"How shall we comfort ourselves, the murderers of all murderers? What was holiest and mightiest of all that the world has yet owned has bled to death under our knives: who will wipe this blood off us? What water is there for us to clean ourselves? What festivals of atonement, what sacred games shall we have to invent? Is not the greatness of this deed too great for us? Must we ourselves not become gods simply to appear worthy of it? There has never been a greater deed; and whoever is born after us---for the sake of this deed he will belong to a higher history than all history hitherto."

Here the madman fell silent and looked again at his listeners; and they, too, were silent and stared at him in astonishment. At last he threw his lantern on the ground, and it broke into pieces and went out. "I have come too early," he said then; "my time is not yet. This tremendous event is still on its way, still wandering; it has not yet reached the ears of men. Lightning and thunder require time; the light of the stars requires time; deeds, though done, still require time to be seen and heard. This deed is still more distant from them than most distant stars---and yet they have done it themselves.

It has been related further that on the same day the madman forced his way into several churches and there struck up his requiem aeternam deo. Led out and called to account, he is said always to have replied nothing but: "What after all are these churches now if they are not the tombs and sepulchers of God?"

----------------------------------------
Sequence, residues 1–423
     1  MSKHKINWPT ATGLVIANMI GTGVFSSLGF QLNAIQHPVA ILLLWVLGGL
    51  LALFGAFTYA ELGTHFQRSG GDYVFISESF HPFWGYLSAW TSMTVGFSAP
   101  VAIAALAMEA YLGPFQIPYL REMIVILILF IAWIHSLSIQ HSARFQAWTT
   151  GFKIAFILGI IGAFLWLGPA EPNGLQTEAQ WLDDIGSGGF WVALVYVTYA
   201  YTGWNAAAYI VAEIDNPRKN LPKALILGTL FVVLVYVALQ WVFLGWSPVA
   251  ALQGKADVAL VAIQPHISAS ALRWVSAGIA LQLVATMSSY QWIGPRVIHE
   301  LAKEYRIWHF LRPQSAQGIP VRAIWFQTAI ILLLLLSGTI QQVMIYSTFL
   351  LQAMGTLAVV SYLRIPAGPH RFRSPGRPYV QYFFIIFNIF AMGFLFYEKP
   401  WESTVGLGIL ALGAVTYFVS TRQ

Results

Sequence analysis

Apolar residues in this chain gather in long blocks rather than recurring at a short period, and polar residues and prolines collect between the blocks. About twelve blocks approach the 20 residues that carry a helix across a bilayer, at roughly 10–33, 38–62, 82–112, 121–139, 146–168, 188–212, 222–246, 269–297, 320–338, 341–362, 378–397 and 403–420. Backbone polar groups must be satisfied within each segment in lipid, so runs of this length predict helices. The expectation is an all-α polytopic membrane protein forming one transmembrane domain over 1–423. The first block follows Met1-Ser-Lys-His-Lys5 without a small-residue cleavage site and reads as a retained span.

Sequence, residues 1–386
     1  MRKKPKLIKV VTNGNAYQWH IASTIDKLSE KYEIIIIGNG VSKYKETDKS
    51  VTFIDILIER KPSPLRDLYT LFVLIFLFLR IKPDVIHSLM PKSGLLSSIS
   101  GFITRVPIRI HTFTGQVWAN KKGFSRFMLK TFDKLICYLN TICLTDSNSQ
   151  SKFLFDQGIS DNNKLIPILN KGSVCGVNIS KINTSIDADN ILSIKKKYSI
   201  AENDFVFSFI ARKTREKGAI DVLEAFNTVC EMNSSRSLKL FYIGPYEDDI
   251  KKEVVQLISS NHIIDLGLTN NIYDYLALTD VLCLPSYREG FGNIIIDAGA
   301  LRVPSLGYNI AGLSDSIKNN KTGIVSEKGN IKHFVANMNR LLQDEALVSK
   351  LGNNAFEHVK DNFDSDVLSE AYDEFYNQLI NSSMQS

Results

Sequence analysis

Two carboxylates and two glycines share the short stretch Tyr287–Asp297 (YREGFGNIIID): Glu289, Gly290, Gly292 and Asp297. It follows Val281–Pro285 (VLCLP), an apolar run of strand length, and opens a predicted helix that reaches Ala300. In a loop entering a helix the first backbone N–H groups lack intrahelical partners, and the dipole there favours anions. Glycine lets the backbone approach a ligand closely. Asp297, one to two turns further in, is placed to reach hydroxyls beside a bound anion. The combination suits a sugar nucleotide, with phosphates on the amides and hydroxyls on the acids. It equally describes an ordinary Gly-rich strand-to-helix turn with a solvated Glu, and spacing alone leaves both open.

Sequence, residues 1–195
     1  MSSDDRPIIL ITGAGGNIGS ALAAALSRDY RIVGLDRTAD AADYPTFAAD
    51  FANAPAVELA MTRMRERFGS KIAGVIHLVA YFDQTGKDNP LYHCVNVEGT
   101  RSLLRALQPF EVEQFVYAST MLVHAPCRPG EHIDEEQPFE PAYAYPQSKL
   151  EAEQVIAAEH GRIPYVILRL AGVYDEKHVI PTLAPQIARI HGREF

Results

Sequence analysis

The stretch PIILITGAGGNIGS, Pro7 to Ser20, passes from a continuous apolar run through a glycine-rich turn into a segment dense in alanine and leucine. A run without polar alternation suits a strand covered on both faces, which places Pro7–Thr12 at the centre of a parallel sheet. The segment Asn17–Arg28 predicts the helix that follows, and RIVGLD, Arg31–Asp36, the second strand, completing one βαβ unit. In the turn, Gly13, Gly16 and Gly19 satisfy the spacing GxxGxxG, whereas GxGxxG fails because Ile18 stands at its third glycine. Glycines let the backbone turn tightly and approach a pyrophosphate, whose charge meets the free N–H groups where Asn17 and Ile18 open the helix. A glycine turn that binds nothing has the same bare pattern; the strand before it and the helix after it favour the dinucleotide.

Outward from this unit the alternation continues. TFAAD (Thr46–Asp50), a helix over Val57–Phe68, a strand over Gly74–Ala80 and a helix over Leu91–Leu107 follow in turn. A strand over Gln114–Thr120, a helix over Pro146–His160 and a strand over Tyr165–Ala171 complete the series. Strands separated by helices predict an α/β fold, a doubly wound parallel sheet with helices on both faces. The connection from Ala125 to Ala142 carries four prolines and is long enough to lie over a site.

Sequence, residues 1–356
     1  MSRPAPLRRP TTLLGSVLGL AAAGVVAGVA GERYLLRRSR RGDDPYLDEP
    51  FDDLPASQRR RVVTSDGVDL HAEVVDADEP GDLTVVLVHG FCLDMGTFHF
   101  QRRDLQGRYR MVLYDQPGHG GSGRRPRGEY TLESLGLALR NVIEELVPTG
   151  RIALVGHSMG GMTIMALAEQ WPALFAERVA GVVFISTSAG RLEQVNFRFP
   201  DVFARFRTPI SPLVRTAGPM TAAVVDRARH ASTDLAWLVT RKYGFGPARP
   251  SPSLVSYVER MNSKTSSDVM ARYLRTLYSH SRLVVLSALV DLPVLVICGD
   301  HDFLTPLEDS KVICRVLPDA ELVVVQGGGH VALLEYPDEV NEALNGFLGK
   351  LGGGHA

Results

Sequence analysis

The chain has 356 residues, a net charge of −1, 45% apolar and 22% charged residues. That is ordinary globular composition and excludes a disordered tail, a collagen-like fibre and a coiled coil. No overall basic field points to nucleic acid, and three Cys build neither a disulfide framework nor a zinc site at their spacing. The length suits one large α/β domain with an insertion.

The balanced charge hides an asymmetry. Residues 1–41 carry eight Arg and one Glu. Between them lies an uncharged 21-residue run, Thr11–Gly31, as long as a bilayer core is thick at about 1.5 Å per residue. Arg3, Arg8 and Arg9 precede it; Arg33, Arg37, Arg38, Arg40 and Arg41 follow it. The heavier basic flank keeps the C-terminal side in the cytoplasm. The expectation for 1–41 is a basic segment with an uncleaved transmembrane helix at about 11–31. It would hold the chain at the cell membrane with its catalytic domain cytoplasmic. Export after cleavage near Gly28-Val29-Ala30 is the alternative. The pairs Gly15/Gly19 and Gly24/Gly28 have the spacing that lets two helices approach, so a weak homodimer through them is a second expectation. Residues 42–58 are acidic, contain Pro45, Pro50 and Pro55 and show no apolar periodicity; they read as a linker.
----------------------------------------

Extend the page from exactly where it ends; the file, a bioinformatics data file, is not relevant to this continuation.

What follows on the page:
The Prologue of Thus Spake Zarathustra continues:

"When Zarathustra arrived at a town that adjoined the forest, he found many people assembled in the market-place; for it had been announced that a rope-dancer would give a performance."

The Gathering

The gathering in the town square represents all of humanity; the reason for the gathering represents their mundane interests; the spectacle of the performance represents the spectacle of the church that holds the attention of people and prevents them from turning their attention to high ideals; the reception that Zarathustra receives represents the level of general human thought.

"And Zarathustra spake thus unto the people:

"I teach you the overman. Man is something that is to be surpassed. What have you done to surpass man? All beings hitherto have created something beyond themselves: and you want to be the ebb of that great tide, and would rather go back to the beast than surpass man?